CP photo by Ryan Deto
Summer Lee at Portogallo Peppers ‘n’ At in Braddock on Jan. 15
On Jan. 15, Martin Luther King Jr. Day, when state house candidate Summer Lee got up to speak in front of the crowd of more than 150 packed into Portogallo Peppers N'at in Braddock, she spoke of a rarely cited detail about King.
“A lot of people don’t know this, but Martin Luther King was a radical,” said Lee. “He called for an end to capitalism. He wanted to unite poor people. He knew that if we can’t end that system, we would fail in our goals.”
King, after the passage of the Civil Rights Act, in 1964, and the Voting Rights Act, in 1965, began to campaign against the effects that capitalism had on poor people of all races and backgrounds. In a 1967 speech, King said, “When machines and computers, profit motives and property rights are considered more important than people, the giant triplets of racism, materialism and militarism are incapable of being conquered.”
Lee is running as a Democrat in the primary election against incumbent Paul Costa (D-Braddock), whose Pennsylvania state House District 34 encompasses towns like North Braddock, Swissvale, Forest Hills and other nearby boroughs.
Lee has been endorsed by the Pittsburgh chapter of the Democratic Socialists of America
and she championed many of the group’s preferred policies at her campaign kickoff event in Braddock. She told the crowd she will support an agenda that includes “health care for all”
and raising the minimum wage, if elected. In the past, she has worked in the Fight for $15 movement. And while Lee worked as an organizer with the Hillary Clinton campaign in 2016, she has embraced her endorsement by the DSA, an ally of Sen. Bernie Sanders (I-Vermont).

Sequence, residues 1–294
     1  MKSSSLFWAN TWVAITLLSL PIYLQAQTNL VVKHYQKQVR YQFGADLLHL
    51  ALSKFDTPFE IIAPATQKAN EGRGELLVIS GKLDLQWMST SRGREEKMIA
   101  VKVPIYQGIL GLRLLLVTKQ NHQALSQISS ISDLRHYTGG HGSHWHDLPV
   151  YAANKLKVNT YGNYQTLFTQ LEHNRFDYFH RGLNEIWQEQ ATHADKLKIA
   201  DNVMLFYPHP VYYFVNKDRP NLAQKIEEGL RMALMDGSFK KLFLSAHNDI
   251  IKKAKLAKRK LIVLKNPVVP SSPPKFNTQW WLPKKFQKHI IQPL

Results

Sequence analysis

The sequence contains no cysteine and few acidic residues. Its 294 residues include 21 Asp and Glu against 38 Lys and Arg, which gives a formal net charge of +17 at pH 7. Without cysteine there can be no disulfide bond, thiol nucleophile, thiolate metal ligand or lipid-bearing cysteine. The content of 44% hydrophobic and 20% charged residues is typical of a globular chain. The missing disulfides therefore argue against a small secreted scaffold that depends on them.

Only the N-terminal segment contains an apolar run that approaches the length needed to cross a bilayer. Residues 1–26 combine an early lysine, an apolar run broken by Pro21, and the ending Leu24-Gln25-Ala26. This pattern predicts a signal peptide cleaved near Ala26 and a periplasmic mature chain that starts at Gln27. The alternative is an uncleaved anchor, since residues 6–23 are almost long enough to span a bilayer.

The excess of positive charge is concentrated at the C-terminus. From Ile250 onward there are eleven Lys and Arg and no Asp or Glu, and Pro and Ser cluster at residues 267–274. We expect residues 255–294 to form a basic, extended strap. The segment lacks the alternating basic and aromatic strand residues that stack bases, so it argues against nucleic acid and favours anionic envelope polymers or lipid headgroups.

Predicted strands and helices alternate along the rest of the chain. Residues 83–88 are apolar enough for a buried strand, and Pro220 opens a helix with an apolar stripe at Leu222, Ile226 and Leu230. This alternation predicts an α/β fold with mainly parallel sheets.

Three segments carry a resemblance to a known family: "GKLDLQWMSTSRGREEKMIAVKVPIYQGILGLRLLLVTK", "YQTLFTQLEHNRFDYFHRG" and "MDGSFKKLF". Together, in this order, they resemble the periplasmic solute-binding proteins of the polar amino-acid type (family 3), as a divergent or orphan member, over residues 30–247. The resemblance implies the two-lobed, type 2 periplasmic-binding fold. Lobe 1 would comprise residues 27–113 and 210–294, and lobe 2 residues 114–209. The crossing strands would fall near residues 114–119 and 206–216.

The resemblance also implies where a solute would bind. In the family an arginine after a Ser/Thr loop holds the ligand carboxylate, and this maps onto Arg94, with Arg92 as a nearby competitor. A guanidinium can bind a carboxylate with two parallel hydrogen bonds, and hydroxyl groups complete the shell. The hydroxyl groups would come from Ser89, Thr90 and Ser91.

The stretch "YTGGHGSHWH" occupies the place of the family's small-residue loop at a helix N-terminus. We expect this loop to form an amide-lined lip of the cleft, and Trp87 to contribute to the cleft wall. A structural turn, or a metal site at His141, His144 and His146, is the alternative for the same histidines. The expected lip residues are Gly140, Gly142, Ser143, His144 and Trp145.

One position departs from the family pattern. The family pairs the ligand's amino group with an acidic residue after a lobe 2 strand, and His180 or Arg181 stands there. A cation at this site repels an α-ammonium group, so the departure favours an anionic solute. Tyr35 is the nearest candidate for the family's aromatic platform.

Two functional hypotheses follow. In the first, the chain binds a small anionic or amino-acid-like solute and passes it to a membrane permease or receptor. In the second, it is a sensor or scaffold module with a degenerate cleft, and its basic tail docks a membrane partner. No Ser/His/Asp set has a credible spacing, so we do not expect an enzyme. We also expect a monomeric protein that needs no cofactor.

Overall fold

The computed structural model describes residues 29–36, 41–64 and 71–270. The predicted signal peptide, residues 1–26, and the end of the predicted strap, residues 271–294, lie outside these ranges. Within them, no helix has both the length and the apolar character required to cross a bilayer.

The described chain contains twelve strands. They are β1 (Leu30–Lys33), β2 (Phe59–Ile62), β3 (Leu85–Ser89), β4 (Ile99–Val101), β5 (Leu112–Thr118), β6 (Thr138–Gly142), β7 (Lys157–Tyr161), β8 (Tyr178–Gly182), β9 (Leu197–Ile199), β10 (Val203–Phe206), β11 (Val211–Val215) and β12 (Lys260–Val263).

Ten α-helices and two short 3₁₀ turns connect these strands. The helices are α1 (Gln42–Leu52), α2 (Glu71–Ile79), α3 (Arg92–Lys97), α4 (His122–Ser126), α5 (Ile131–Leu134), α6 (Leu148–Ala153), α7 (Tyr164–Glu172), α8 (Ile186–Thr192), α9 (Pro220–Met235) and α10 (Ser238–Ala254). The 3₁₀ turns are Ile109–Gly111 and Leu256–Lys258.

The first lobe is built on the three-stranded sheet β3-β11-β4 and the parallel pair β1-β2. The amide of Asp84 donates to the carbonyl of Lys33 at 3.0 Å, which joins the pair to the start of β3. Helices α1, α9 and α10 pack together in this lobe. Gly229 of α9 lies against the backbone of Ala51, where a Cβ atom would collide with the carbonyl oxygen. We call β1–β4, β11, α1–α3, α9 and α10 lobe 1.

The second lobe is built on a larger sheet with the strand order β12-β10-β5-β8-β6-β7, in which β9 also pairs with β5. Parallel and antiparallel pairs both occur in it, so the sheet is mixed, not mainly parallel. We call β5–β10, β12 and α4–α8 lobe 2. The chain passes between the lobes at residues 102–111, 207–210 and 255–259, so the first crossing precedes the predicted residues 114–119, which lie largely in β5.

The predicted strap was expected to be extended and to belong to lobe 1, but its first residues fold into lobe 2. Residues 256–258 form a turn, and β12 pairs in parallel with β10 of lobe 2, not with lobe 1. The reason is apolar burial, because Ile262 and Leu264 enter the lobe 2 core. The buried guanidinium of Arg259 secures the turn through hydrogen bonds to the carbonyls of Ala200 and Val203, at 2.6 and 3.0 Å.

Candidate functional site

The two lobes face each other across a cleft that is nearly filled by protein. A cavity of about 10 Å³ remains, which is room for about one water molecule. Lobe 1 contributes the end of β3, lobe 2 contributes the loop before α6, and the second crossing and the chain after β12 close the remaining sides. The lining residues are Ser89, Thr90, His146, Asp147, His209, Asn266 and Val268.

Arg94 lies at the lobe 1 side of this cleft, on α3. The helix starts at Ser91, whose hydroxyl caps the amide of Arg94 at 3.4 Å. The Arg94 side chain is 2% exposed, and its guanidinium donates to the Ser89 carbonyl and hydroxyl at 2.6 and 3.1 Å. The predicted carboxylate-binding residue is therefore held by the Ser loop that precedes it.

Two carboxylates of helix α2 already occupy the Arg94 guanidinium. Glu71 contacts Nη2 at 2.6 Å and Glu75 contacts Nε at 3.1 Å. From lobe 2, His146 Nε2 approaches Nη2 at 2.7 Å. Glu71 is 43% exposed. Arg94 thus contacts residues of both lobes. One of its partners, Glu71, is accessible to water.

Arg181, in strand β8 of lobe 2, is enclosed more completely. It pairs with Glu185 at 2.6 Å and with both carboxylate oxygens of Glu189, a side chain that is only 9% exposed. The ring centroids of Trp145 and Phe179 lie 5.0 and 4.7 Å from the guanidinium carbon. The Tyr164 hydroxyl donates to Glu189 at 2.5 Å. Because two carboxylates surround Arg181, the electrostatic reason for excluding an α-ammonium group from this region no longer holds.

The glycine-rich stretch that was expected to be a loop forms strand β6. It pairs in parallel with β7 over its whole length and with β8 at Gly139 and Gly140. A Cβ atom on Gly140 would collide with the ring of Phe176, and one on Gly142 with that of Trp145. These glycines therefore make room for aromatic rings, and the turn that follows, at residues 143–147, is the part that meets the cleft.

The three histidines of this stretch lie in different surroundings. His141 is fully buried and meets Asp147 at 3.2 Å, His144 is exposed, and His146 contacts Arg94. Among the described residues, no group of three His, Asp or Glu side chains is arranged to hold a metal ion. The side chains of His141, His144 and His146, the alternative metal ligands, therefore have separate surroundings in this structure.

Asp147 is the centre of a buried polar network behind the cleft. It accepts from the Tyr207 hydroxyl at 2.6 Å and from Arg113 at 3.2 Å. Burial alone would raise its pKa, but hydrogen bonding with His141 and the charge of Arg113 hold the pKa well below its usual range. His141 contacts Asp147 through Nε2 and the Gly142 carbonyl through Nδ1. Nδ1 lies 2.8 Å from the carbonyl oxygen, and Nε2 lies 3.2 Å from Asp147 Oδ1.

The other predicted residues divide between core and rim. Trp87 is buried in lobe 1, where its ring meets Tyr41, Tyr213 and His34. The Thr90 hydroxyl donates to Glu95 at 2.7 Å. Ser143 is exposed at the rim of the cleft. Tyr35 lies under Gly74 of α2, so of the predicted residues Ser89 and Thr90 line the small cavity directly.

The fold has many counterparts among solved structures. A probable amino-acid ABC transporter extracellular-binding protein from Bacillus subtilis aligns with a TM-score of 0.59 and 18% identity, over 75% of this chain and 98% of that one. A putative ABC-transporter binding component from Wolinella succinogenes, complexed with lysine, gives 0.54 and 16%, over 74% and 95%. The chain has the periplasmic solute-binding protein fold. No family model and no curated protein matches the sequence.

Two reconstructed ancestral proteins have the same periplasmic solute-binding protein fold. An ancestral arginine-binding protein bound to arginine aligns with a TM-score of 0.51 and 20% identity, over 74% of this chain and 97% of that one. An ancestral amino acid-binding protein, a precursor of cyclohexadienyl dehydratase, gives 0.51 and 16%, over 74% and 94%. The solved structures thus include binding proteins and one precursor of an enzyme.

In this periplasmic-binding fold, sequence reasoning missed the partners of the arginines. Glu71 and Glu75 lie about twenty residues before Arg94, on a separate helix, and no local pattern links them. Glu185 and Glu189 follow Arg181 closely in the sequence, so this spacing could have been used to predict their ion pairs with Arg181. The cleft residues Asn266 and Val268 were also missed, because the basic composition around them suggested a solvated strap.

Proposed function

Lee, a Howard University grad and North Braddock native, said she would focus on equitable school funding, as a way to improve the prospects of students at underperforming schools. A Lee supporter, Wilkinsburg School District member Klara Brown told Pittsburgh City Paper
that equitable school funding was one reason she is enthusiastically supporting Lee. Also, Lee touted her experience as an organizer for Woodland Hills school-board races, and said that Harrisburg needs to focus funding priorities away from prisons and toward education.
“We need to end the school-to-prison pipeline
,” said Lee. “All the money we spend on prisons could easily go to our children.”
Those showing their support for Lee included Braddock Borough Council President Tina Doose and Wilkinsburg Mayor Marita Garrett.
“When I met Summer [Lee], I was impressed by her leadership and how she already knew the political system,” said Doose. “Our communities need young leaders.”
Lee is 30 years old, and her campaign event was filled with younger attendees. Two Woodland Hills
High School students even spoke in support of Lee. Garrett said to the crowd, “The youth are out here tonight.”
The primary election will be held on May 15 and the last day to register
is April 16.